Interpretations
The word probability does not have a consistent direct definition. In fact, there are two broad categories of probability interpretations, whose adherents possess different (and sometimes conflicting) views about the fundamental nature of probability:
- Frequentists talk about probabilities only when dealing with experiments that are random and well-defined. The probability of a random event denotes the relative frequency of occurrence of an experiment's outcome, when repeating the experiment. Frequentists consider probability to be the relative frequency "in the long run" of outcomes.^{}
- Bayesians, however, assign probabilities to any statement whatsoever, even when no random process is involved. Probability, for a Bayesian, is a way to represent an individual's degree of belief in a statement, given the evidence.
Etymology
The word probability derives from probity, a measure of the authority of a witness in a legal case in Europe, and often correlated with the witness's nobility. In a sense, this differs much from the modern meaning of probability, which, in contrast, is used as a measure of the weight of empirical evidence, and is arrived at from inductive reasoning and statistical inference.^{}^{}
History
The scientific study of probability is a modern development. Gambling shows that there has been an interest in quantifying the ideas of probability for millennia, but exact mathematical descriptions of use in those problems only arose much later.
According to Richard Jeffrey, "Before the middle of the seventeenth century, the term 'probable' (Latin probabilis) meant approvable, and was applied in that sense, univocally, to opinion and to action. A probable action or opinion was one such as sensible people would undertake or hold, in the circumstances."^{}
Aside from some elementary considerations made by Girolamo Cardano in the 16th century, the doctrine of probabilities dates to the correspondence of Pierre de Fermat and Blaise Pascal (1654). Christiaan Huygens (1657) gave the earliest known scientific treatment of the subject. Jakob Bernoulli's Ars Conjectandi (posthumous, 1713) and Abraham de Moivre's Doctrine of Chances (1718) treated the subject as a branch of mathematics. See Ian Hacking's The Emergence of Probability for a history of the early development of the very concept of mathematical probability.
The theory of errors may be traced back to Roger Cotes's Opera Miscellanea (posthumous, 1722), but a memoir prepared by Thomas Simpson in 1755 (printed 1756) first applied the theory to the discussion of errors of observation. The reprint (1757) of this memoir lays down the axioms that positive and negative errors are equally probable, and that there are certain assignable limits within which all errors may be supposed to fall; continuous errors are discussed and a probability curve is given.
Pierre-Simon Laplace (1774) made the first attempt to deduce a rule for the combination of observations from the principles of the theory of probabilities. He represented the law of probability of errors by a curve y = Ï†(x), x being any error and y its probability, and laid down three properties of this curve:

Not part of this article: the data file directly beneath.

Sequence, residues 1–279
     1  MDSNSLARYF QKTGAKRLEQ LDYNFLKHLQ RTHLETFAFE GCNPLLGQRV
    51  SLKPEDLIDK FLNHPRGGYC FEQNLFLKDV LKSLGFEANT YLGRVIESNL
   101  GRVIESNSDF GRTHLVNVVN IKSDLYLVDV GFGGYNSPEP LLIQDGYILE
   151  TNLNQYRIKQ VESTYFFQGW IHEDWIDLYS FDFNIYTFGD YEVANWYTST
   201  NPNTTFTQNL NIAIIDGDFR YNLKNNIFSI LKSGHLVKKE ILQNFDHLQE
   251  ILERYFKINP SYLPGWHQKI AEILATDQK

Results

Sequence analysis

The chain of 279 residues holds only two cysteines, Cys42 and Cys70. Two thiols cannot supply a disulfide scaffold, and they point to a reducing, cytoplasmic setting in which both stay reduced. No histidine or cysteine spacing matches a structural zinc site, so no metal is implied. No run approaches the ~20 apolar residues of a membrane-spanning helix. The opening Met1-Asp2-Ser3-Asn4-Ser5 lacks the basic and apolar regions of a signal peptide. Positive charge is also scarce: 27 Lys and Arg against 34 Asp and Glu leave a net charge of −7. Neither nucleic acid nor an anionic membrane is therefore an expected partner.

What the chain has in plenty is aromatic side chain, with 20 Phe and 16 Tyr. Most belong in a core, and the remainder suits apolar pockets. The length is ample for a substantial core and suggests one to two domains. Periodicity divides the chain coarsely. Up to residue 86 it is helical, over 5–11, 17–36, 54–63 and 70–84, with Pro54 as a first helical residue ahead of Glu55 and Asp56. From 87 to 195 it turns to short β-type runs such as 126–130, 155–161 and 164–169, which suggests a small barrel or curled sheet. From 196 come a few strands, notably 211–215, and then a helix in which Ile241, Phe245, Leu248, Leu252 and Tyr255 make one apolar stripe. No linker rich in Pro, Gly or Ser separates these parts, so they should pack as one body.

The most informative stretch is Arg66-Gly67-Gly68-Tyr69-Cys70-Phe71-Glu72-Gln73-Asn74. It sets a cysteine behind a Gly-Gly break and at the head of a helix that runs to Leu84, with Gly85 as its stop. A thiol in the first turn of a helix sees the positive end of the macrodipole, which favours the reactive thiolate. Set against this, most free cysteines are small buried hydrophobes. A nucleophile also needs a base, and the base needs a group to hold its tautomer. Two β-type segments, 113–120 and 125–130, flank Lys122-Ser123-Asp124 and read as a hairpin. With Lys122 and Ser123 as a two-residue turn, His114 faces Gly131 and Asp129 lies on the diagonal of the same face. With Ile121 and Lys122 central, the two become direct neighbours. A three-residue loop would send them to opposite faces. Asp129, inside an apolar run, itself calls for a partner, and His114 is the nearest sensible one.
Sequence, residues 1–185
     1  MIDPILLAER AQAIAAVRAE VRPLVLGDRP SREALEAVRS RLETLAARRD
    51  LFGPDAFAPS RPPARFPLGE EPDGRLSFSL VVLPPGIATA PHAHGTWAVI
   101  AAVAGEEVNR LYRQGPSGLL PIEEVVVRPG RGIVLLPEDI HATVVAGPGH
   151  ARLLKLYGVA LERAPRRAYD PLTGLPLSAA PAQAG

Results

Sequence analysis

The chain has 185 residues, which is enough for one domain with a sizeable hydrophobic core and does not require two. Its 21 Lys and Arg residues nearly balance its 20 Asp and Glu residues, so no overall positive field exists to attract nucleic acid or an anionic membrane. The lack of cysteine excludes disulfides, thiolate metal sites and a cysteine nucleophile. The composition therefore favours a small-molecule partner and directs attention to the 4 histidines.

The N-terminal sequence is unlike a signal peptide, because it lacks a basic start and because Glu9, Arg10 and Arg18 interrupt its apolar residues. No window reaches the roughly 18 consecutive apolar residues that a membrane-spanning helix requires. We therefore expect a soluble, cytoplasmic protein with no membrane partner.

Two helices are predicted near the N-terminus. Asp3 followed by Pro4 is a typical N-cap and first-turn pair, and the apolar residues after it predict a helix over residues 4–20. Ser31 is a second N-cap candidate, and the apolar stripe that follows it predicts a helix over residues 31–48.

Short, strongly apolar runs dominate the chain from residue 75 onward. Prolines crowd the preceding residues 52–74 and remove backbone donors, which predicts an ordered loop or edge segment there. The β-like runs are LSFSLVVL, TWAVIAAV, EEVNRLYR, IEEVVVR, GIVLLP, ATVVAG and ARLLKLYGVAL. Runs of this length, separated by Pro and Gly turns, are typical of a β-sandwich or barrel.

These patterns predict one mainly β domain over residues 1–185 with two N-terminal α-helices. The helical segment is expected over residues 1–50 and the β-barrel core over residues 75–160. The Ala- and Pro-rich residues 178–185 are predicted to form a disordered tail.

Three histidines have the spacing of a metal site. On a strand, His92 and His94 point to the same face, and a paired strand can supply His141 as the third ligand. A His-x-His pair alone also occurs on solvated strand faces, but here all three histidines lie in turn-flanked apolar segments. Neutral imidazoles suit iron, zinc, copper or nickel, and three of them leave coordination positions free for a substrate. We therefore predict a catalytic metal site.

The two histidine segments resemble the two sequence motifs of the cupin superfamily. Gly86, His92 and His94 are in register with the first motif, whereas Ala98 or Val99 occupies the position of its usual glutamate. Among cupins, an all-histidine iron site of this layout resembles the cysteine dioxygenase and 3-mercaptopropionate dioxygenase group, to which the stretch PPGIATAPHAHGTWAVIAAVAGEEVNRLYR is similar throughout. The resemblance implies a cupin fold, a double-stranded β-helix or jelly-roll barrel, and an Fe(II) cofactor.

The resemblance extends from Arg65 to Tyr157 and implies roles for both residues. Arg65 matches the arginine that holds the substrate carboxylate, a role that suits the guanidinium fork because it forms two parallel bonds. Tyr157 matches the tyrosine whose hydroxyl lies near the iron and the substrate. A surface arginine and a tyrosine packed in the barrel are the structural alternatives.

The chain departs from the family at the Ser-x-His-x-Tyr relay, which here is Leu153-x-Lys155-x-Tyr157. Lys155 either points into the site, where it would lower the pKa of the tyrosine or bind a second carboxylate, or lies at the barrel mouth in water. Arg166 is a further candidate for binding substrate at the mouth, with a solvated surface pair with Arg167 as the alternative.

- it is symmetric as to the y-axis;
- the x-axis is an asymptote, the probability of the error being 0;
- the area enclosed is 1, it being certain that an error exists.
He also gave (1781) a formula for the law of facility of error (a term due to Lagrange, 1774), but one which led to unmanageable equations. Daniel Bernoulli (1778) introduced the principle of the maximum product of the probabilities of a system of concurrent errors.
The method of least squares is due to Adrien-Marie Legendre (1805), who introduced it in his Nouvelles mÃ©thodes pour la dÃ©termination des orbites des comÃ¨tes (New Methods for Determining the Orbits of Comets). In ignorance of Legendre's contribution, an Irish-American writer, Robert Adrain, editor of "The Analyst" (1808), first deduced the law of facility of error,
h being a constant depending on precision of observation, and c a scale factor ensuring that the area under the curve equals 1. He gave two proofs, the second being essentially the same as John Herschel's (1850). Gauss gave the first proof which seems to have been known in Europe (the third after Adrain's) in 1809. Further proofs were given by Laplace (1810, 1812), Gauss (1823), James Ivory (1825, 1826), Hagen (1837), Friedrich Bessel (1838), W. F. Donkin (1844, 1856), and Morgan Crofton (1870). Other contributors were Ellis (1844), De Morgan (1864), Glaisher (1872), and Giovanni Schiaparelli (1875). Peters's (1856) formula for r, the probable error of a single observation, is well known.
In the nineteenth century authors on the general theory included Laplace, Sylvestre Lacroix (1816), Littrow (1833), Adolphe Quetelet (1853), Richard Dedekind (1860), Helmert (1872), Hermann Laurent (1873), Liagre, Didion, and Karl Pearson. Augustus De Morgan and George Boole improved the exposition of the theory.
On the geometric side (see integral geometry) contributors to The Educational Times were influential (Miller, Crofton, McColl, Wolstenholme, Watson, and Artemas Martin).
Mathematical treatment
In mathematics, a probability of an event A is represented by a real number in the range from 0 to 1 and written as P(A), p(A) or Pr(A). An impossible event has a probability of 0, and a certain event has a probability of 1. However, the converses are not always true: probability 0 events are not always impossible, nor probability 1 events certain. The rather subtle distinction between "certain" and "probability 1" is treated at greater length in the article on "almost surely".
The opposite or complement of an event A is the event [not A] (that is, the event of A not occurring); its probability is given by P(not A) = 1 - P(A). As an example, the chance of not rolling a six on a six-sided die is 1 - (chance of rolling a six) = . See Complementary event for a more complete treatment.